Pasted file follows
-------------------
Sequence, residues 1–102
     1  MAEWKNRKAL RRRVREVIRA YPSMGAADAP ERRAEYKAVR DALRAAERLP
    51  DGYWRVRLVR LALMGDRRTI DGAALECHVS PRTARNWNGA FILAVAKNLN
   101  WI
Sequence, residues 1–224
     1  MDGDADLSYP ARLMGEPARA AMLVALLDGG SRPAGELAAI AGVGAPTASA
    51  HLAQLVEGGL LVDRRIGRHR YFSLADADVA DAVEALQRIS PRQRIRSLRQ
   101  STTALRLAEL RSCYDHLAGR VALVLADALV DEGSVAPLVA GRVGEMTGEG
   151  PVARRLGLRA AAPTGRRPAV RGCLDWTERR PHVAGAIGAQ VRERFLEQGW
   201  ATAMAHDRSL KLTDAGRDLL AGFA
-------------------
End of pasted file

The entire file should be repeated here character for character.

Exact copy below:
Sequence, residues 1–102
     1  MAEWKNRKAL RRRVREVIRA YPSMGAADAP ERRAEYKAVR DALRAAERLP
    51  DGYWRVRLVR LALMGDRRTI DGAALECHVS PRTARNWNGA FILAVAKNLN
   101  WI
Sequence, residues 1–224
     1  MDGDADLSYP ARLMGEPARA AMLVALLDGG SRPAGELAAI AGVGAPTASA
    51  HLAQLVEGGL LVDRRIGRHR YFSLADADVA DAVEALQRIS PRQRIRSLRQ
   101  STTALRLAEL RSCYDHLAGR VALVLADALV DEGSVAPLVA GRVGEMTGEG
   151  PVARRLGLRA AAPTGRRPAV RGCLDWTERR PHVAGAIGAQ VRERFLEQGW
   201  ATAMAHDRSL KLTDAGRDLL AGFA